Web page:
The third week of April is when bedding plants and container garden flowers are filling the racks at the nurseries and garden centers. Gardening is an adventure and trying new plants and planting combinations is part of the fun, so make this the year you reach for something new for your garden.
My vote for best new container plants goes to the Superbells calibrachoa. These compact and colorful annuals come to gardeners from Proven Winners, the company that partners with the best growers to offer unusual and high-performing plants.
Top three reasons why you will love Superbells calibrachoa:
1. The color combos. Striking bicolored blooms such as the yellow and white Superbells “Lemon Slice” were the first to grab the attention of top container designers, but these mini-petunias also come in a Double Plum reddish/purple color and, if you can find it, a striking yellow/red combo called FrostFire and an orange blend called Terra Cotta.
2. The compact and tidy growth habit. The Superbells were bred for containers and stay tidy and compact, making them perfect for window boxes and patio pots where you don’t want regular or larger-growing petunias that can swamp a small space. All the Superbell calibrachoas play well with others, This means they won’t overwhelm other bloomers in a container so you can combine them in pots as the upright “thriller” in a mix as they will grow to be about 10 inches tall and only 10 inches wide. The Superbells won’t require deadheading and pinching to keep them looking nice.
3. The disease resistance and continuous flower production. The Superbells are strong performers all summer and into the fall. They start flowering as early as May and continued to produce blooms in my garden even as the days grew shorter in September. No signs of mildew through several summers of testing.
One complaint about the Superbells calibrochoa.
The mini-petunias do not do well when planted in the ground. They need really good drainage and warmth so if you try to grow them as a bedding plant in the ground in the cool summer climate of Western Washington, you may find them melting away. Root rot will move in after two or three days of rain when calibrachoa are planted directly into the ground. Plant mini-petunias in a container with good drainage on a sunny patio or grow them on a porch protected from heavy rain and you’ll have no complaints.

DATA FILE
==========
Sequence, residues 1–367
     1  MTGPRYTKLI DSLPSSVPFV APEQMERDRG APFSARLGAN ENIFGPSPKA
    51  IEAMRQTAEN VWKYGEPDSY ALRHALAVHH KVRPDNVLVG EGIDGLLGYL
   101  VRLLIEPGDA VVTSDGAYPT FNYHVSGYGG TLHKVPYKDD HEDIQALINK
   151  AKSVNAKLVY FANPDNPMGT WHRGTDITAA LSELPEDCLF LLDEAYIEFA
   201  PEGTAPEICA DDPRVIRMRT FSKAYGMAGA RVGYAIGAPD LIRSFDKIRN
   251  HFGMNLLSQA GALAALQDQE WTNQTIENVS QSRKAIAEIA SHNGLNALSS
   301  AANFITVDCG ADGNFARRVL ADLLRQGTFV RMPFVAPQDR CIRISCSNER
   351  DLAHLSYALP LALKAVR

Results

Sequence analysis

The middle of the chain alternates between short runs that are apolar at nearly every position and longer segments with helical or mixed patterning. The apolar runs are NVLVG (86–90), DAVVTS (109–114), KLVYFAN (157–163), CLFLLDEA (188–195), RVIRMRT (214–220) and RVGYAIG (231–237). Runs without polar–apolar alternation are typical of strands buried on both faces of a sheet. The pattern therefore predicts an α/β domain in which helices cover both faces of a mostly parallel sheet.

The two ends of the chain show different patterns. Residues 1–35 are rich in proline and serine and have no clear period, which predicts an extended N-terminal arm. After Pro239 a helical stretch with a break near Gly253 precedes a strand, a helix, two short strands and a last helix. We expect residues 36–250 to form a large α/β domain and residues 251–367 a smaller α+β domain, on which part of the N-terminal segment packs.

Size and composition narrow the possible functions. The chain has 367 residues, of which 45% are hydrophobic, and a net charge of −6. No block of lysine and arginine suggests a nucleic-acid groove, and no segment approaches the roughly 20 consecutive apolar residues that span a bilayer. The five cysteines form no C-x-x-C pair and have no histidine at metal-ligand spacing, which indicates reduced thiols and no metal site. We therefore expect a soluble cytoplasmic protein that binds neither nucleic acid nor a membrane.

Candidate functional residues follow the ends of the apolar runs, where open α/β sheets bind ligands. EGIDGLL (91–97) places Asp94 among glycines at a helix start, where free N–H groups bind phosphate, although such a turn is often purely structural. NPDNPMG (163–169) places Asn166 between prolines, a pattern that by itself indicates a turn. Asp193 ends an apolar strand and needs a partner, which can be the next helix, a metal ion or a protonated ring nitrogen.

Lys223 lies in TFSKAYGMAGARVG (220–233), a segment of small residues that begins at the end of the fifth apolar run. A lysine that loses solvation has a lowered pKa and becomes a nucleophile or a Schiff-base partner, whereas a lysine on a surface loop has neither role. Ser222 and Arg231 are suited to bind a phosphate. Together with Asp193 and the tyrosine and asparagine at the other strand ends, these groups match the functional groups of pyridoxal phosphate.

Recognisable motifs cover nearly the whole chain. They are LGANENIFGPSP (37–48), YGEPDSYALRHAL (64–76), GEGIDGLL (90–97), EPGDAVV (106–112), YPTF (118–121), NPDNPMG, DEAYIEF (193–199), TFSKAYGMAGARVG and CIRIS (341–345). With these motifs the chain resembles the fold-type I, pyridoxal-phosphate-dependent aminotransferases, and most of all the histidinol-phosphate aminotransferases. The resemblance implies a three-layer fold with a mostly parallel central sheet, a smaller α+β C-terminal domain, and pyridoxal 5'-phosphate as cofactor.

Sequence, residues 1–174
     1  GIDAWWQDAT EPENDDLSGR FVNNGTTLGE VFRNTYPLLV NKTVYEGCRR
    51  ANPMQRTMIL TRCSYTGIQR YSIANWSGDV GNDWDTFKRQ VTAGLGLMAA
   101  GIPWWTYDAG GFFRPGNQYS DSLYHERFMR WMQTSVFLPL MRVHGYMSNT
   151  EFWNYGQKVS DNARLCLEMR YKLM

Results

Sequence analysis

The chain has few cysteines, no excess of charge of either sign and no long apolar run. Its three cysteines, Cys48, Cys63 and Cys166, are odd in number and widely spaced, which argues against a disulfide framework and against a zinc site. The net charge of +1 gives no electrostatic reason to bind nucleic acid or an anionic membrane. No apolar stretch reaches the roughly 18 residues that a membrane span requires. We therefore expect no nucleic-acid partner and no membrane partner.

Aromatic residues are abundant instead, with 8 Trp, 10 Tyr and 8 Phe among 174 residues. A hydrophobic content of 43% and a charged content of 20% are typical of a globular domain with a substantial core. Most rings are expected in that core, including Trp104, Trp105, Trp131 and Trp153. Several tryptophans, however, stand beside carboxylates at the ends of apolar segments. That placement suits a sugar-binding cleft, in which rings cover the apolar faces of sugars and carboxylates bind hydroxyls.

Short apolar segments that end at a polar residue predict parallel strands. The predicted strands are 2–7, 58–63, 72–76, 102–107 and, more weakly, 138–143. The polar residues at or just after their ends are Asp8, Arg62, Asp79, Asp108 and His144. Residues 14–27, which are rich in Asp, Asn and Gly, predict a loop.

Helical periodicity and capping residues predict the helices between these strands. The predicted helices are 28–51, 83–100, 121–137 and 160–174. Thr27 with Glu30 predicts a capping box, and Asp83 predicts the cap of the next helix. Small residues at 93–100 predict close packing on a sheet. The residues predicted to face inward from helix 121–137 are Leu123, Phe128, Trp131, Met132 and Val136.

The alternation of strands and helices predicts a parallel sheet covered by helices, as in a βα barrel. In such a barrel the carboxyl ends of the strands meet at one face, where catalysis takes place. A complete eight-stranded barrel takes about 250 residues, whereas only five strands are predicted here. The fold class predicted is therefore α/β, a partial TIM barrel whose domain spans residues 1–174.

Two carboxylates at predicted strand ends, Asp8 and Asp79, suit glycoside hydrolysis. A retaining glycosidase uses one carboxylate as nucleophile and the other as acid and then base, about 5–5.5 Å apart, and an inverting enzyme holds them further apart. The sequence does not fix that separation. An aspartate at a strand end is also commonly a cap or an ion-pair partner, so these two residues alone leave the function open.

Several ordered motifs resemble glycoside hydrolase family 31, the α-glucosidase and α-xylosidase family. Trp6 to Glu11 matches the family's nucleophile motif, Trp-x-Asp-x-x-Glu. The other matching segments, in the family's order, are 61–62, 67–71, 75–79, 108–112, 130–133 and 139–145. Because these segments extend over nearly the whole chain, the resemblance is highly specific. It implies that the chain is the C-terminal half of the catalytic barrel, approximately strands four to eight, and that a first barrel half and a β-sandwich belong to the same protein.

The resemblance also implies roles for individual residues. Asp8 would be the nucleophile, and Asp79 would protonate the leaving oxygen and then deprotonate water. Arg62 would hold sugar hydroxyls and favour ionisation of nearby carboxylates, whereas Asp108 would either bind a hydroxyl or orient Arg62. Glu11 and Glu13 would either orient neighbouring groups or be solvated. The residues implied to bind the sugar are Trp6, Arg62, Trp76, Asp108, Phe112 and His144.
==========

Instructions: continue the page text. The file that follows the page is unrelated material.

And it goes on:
Getting picky about petunias:
Learn to read the label when picking out petunias. The Superbells calibrochoa look like mini-petunias but are actually a more compact petunia relative while the Supertunias look very similar but are a petunia hybrid. Confused? Think of it this way. The smaller the flower, the more compact the growth habit of the petunia look-alikes. The Supertunia became a favorite when the hot pink and lime green bicolor “Pretty Much Picasso” was introduced (a newer, more mounding version is now called Supertunia “Picasso in Pink”) and the more compact petunias are the ones you want for containers.
The fast-growing and robust petunias you want for planting directly into the ground will be the the Wave petunia. The Wave petunia will spread out 3 feet or more, blocking weeds and smothering nearby plants with oceans of continuous summer blooms. This is the petunia to use for bordering lawns or filling in large areas of ground with eye-catching color.
Just remember that all petunias need continuous feeding to keep them flowering all summer long. Work a slow-release plant food such as Osmocote into the soil at planting time for both your container petunias and your ground-cover petunias. Supplement this with a liquid plant food such as Miracle-Gro several times during the growing season and you’ll be pleased with petunias no matter what type you decide to grow.
Marianne Binetti has a degree in horticulture from Washington State University and is the author of several books. Reach her at binettigarden.com.
Noon, April 19. “Classic Garden Ideas to Borrow,” Windmill Gardens, 16009 60th Street E., Sumner; 253-863-5843. $5 fee. windmillgarden.com.
6:30-8:30 p.m. April 19. “Secrets of a Lazy Gardener,” Gig Harbor Civic Center, 3510 Grandview Street, Gig Harbor. Free. tpchd.org.
11 a.m., April 22. “Container Gardening and Planting Party,” Seymour Botanical Garden Tacoma, Wright Park, 316 S. G St., Tacoma. $20-$25. Register at 253-591-5330. metroparkstacoma.org/conservatory.